When Australia’s Minister for Home Affairs Peter Dutton contracted Coronavirus, he got the very best of care. He is a right-wing powerbroker responsible for the regime which detains some refugees indefinitely while leaving others to navigate an uncertain life in Australia. Dutton’s experience is a far cry from that of refugees, First Nations people and immigrants.
Lives on the line. There are over 1,400 immigrants in detention. Among them are 170 seriously ill refugees who are detained permanently in crammed hotels. These refugees report that guards interact without any protective equipment or safe physical distancing.
In March, those in Melbourne’s Mantra Hotel organised in protest after a guard in Brisbane was diagnosed with Covid-19. One floor is a detention centre, where Moz (Mostafa Azimitabar) is incarcerated. The 34-year-old Iranian Kurdish singer, who suffers from a respiratory condition, spoke out about the impossibility of distancing inside the cramped facility, where most share rooms and all have to queue for meals. In a passionate speech, he exposed these conditions at the annual Walk for Justice for Refugees, which was held online during Australia’s lockdown.
Nationally, overcrowded prisons are also at boiling point. The movement fighting to stop deaths in custody is demanding the release of those at greatest risk, pointing to the woeful failures of the system to keep sick prisoners safe. Inmates, disproportionately Aboriginal, are in real danger from the pandemic. Indigenous people, while only 3 percent of the population, are 28 percent of those incarcerated. Through racial profiling, people are locked up for minor offences and refused bail. Many women in prison are survivors of family violence.
The raft of punitive measures, including hefty fines for not complying with distancing and self-isolation rules, are already being overused against people of colour, the poor and protesters. Twenty-six participants in a car cavalcade action, demanding the release of Mantra’s refugee inmates, were fined a total of $43,000 by Victoria Police. Chris Breen, from the Refugee Action Collective, was arrested and charged with incitement. His court date is 6 August. The government should drop all charges and end the use of health powers against political protest.
First Nations and migrants put last. Race and immigration status make a huge difference to the outcome from exposure to the virus. Aboriginal people die younger than the non-Indigenous population. First peoples over the age of 50 are considered vulnerable to the virus, compared to over 70 for others. Aboriginal communities remember the genocidal impact of colonisation. Pat Turner, who heads National Aboriginal Community Controlled Health Organisation, bluntly warns, “If Covid-19 gets into our communities, we are gone.”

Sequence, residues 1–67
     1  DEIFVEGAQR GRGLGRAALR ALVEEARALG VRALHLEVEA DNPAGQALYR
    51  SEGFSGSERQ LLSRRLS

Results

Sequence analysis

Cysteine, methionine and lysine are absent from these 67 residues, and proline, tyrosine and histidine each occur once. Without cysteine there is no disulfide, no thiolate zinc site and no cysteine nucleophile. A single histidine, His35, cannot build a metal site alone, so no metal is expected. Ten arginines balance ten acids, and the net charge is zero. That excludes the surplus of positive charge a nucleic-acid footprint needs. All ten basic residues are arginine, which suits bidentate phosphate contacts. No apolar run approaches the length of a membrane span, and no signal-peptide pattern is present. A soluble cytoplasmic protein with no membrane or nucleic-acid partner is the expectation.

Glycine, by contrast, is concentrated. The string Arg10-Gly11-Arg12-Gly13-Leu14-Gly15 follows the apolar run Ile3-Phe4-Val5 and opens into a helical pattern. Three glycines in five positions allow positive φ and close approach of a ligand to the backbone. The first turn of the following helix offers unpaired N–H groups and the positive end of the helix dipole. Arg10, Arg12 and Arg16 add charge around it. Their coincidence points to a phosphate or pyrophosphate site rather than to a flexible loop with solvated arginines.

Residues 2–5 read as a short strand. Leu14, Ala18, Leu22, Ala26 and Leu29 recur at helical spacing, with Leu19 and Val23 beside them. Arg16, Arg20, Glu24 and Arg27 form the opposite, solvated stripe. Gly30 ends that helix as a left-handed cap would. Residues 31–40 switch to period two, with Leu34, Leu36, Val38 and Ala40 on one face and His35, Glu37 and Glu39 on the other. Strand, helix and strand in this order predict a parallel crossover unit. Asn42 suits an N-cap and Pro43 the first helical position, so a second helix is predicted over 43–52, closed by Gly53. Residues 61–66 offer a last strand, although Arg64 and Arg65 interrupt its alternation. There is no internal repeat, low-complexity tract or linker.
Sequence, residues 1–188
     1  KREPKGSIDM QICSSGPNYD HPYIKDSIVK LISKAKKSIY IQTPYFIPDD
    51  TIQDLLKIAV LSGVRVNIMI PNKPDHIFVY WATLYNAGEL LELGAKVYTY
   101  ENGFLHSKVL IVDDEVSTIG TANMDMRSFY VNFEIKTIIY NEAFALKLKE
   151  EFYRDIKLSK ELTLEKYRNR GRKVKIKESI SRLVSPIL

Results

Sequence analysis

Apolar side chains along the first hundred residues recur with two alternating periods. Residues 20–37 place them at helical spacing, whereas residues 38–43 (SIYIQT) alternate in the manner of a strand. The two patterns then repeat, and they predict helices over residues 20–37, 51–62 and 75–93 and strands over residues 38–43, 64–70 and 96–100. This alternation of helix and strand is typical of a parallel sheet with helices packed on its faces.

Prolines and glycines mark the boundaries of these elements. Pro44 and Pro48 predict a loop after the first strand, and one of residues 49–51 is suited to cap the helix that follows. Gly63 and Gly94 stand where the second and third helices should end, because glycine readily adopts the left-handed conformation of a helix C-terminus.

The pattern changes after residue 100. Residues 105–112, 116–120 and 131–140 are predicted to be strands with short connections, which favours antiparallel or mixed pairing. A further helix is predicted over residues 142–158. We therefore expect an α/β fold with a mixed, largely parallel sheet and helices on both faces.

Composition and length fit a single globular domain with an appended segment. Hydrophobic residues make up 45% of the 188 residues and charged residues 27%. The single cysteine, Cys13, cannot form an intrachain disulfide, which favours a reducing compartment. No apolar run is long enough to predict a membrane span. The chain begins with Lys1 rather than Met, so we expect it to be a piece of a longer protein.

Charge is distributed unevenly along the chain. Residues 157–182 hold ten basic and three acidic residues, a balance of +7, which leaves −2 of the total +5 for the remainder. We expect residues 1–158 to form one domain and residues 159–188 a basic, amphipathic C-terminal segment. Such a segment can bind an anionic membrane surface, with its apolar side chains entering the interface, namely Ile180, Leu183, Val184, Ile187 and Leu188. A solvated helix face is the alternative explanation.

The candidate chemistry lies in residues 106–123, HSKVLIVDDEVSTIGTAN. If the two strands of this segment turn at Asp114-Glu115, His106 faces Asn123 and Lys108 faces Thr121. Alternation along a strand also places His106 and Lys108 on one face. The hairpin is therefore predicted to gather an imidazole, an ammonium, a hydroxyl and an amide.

Those living in remote areas have closed their communities, fearing the virus’s devastating impact, especially upon elders who hold crucial cultural knowledge. From Arnhem Land to Cape York, First Nations have introduced strict rules for entry to their country. Indigenous rangers patrol their boundaries.
But their efforts have been undermined. In April, more than a hundred Australian Federal Police were flown into the Northern Territory (NT) to “keep remote communities safe.” They arrived on commercial flights. While other passengers went into 14 days’ quarantine, these police — exempted by the NT Chief Health Officer — headed straight for Aboriginal communities, putting vulnerable groups at unnecessary risk.
Meanwhile, the lack of access to the internet seriously limits health information getting to remote communities. And online schooling is difficult, if not impossible, for Aboriginal children.
The Indigenous economy, which relies on art and cultural tours, has been hit hard. With tourism at a standstill, income has evaporated. An economic situation that was precarious is now desperate. Aboriginal community-controlled organisations call for more funds for infrastructure as well as healthcare and housing. Overcrowding makes the official call to maintain physical distancing a sick joke.
A televised report highlighted the urgent need for housing. It featured a group of Aboriginal rough sleepers who had set up a makeshift camp in Perth. After it aired, the cops swooped in. Police issued a notice to move on for “failing to physically distance” and gave people 10 minutes to leave!
As Gunnai-Gunditjmara leader, Lidia Thorpe, noted in a live stream talk, “Our people are in trouble — emergency action is needed now!” One initiative from within the community is the establishment of a Covid-19 Victorian First Nations Mutual Aid Fund.
Migrants also rely on community solidarity. There are over 1.1 million workers and students on temporary visas in Australia. This includes more than 90,000 refugees going through the asylum process. If they lose their jobs these people are excluded from government unemployment programs. Opposition to leaving any workers out is growing, and the union movement is campaigning for expanded programs.
Fight on! While the virus does not discriminate, capitalism does. First Nations and all workers have a fight on their hands!
Aboriginal control of the response to Covid-19 in First Nations’ communities! A living wage for all, regardless of visa status. House the homeless. Release refugees and all vulnerable prisoners into the community.